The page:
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Tuesday, August 17, 2010

Return to The Library

I remember the first book I ever checked out with my own library card. It was The Voyages of Doctor Dolittle and I was seven years old. I was entranced by the Hugh Lofting’s detailed illustrations, by the mysterious word “voyage,” and by the prospect of talking animals! The library, in North Minneapolis, and long-since demolished, was a medieval-looking structure built of huge sandstone blocks and pillars. The separate entrance to the children’s section, which made it all the more appealing, was a low, heavy stone archway at the bottom of a small flight of outdoor steps. My first library, then, was a castle, a dungeon, and a fortress all wrapped up in one imposing edifice.

I was in awe of libraries. They were places of silence. They had weird furniture. One couldn’t go to them alone (well, I was only seven). Countless books lined the shelves, and each one was potentially mine Maybe only for a week, but during that time the book belonged to me, and me alone. It was an odd, sobering, yet exhilarating responsibility.

A few years ago, when I got the chance to write a series for Stone Arch Books that would grab the most reluctant and struggling readers, I naturally thought about what hooked my interest as a young boy. I was not a reluctant reader, but I was definitely picky. So the thought of creating a fantasy series set in the world’s largest and most secretive library immediately got me excited. I was 10 when I saw Howard Hawks’s Land of the Pharaohs starring Joan Collins as an evil Egyptian princess. The pyramid’s deadly maze, hidden passageways, and amazing booby-traps burned into my imagination. (I don’t want to give away the jaw-dropping finale of the film, but I will say that I have had a respect for the power of sand ever since.) The Library of Doom grew out of that enigmatic and colossal structure.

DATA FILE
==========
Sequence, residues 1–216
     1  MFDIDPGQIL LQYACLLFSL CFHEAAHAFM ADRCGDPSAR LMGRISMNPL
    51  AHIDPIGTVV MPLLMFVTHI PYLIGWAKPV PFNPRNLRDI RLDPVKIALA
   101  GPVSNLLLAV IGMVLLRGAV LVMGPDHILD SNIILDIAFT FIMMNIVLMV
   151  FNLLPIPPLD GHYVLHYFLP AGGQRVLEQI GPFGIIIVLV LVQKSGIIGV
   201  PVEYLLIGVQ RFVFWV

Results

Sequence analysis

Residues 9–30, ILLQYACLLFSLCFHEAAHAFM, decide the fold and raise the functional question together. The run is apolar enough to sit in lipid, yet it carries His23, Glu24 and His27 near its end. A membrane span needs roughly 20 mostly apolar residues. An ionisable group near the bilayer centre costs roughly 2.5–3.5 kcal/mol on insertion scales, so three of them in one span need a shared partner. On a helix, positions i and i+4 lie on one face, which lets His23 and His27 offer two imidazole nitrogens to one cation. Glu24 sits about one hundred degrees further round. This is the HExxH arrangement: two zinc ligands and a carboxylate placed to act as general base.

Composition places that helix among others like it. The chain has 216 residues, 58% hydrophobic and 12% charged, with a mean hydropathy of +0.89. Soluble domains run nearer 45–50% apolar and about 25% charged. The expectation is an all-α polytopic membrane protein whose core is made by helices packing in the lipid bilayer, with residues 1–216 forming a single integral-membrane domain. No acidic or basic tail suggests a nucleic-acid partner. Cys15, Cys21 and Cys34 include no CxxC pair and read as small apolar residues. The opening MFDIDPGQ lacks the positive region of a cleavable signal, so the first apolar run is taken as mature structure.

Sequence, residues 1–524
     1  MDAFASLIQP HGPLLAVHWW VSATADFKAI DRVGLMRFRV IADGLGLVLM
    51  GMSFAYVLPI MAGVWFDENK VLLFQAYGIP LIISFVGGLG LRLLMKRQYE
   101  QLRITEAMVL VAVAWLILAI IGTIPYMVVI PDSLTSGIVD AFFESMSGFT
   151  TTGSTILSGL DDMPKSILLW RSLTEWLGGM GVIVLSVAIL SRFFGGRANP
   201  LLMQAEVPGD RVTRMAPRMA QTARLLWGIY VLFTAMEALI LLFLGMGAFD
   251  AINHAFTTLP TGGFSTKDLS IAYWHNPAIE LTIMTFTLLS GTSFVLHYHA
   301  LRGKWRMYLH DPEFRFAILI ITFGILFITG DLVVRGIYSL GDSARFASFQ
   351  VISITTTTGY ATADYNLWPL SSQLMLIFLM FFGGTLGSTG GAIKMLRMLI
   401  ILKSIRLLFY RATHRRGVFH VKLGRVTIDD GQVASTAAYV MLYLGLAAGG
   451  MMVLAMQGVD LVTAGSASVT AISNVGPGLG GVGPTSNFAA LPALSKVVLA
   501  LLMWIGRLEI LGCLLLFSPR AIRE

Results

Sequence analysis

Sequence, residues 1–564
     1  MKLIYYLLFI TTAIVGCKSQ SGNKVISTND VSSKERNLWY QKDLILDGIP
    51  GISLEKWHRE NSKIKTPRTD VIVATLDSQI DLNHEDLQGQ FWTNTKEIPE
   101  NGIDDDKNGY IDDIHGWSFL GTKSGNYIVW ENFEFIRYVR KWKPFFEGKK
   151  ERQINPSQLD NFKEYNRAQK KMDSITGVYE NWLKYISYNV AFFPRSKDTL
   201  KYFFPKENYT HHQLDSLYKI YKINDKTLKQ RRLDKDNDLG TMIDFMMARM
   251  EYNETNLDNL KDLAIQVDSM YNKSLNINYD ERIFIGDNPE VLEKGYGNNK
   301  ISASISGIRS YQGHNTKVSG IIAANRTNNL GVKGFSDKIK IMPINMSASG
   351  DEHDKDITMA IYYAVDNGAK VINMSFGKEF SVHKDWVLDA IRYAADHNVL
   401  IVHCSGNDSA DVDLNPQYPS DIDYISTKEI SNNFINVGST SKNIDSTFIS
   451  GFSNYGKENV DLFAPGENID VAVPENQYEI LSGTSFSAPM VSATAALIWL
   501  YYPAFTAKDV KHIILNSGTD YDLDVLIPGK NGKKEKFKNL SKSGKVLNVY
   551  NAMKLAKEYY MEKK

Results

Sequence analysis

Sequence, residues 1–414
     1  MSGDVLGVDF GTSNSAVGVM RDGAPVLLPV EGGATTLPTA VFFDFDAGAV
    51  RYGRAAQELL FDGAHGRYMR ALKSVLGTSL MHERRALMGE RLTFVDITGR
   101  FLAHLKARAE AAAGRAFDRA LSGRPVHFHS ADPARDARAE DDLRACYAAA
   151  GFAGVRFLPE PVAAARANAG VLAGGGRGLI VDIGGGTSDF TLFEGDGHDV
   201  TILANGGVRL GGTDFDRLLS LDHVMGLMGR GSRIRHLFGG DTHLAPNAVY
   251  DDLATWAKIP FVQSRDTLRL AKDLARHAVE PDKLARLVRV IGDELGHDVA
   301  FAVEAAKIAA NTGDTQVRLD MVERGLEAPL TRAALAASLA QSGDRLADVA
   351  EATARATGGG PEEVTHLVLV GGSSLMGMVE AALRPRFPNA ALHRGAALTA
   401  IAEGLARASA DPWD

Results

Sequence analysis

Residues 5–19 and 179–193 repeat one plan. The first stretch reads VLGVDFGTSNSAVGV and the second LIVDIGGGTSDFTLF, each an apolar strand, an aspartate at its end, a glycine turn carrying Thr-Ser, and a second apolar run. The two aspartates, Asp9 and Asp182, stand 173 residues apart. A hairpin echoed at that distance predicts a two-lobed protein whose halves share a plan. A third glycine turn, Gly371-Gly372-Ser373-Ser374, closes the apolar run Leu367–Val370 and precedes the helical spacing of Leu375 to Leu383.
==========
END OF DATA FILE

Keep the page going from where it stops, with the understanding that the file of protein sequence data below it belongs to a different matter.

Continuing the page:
I wrote 12 books in the original Library of Doom series, focusing on monsters and villains that all had some kind of book or library connection – there were deadly bats formed from ripped off pages, bookends that came to life, bookworm creatures that dwelt in hidden caverns and were large enough to devour humans. It was fun to imagine, fun to write, and I have received hundreds of positive responses from librarians, teachers, and parents who told me that their student or child hated to read before he or she picked up one of the Librarian’s adventures.

More recently, I was invited to Return to the Library of Doom. Six more books. But I wanted to do something new. I figured that those students who accompanied my bookish hero through his various escapades could be challenged. They would feel confident enough to attempt a longer story. So the new books are twice as long as the first. And readers will meet new characters, including a super heroine who fights alongside the Librarian and is known as – the Specialist. She owes a little to one of my favorite TV shows growing up, The Avengers, with Diana Rigg as Mrs. Emma Peel.

Books have been my companions ever since I opening the cover to a Golden Book (The Color Cats!). Libraries have been my refuge and my inspiration. Writing about the Librarian and his hidden fortress has been a way for me to stay in the library long after closing time. I have never really left.

-Michael Dahl

1 comment:

Sharon K. Mayhew said...

Nice post, Michael! I came from a poor background in England. When I moved to the US, and discovered the town library I was in awe of it. I was 8. I spent most Saturday mornings there in the "kid's library."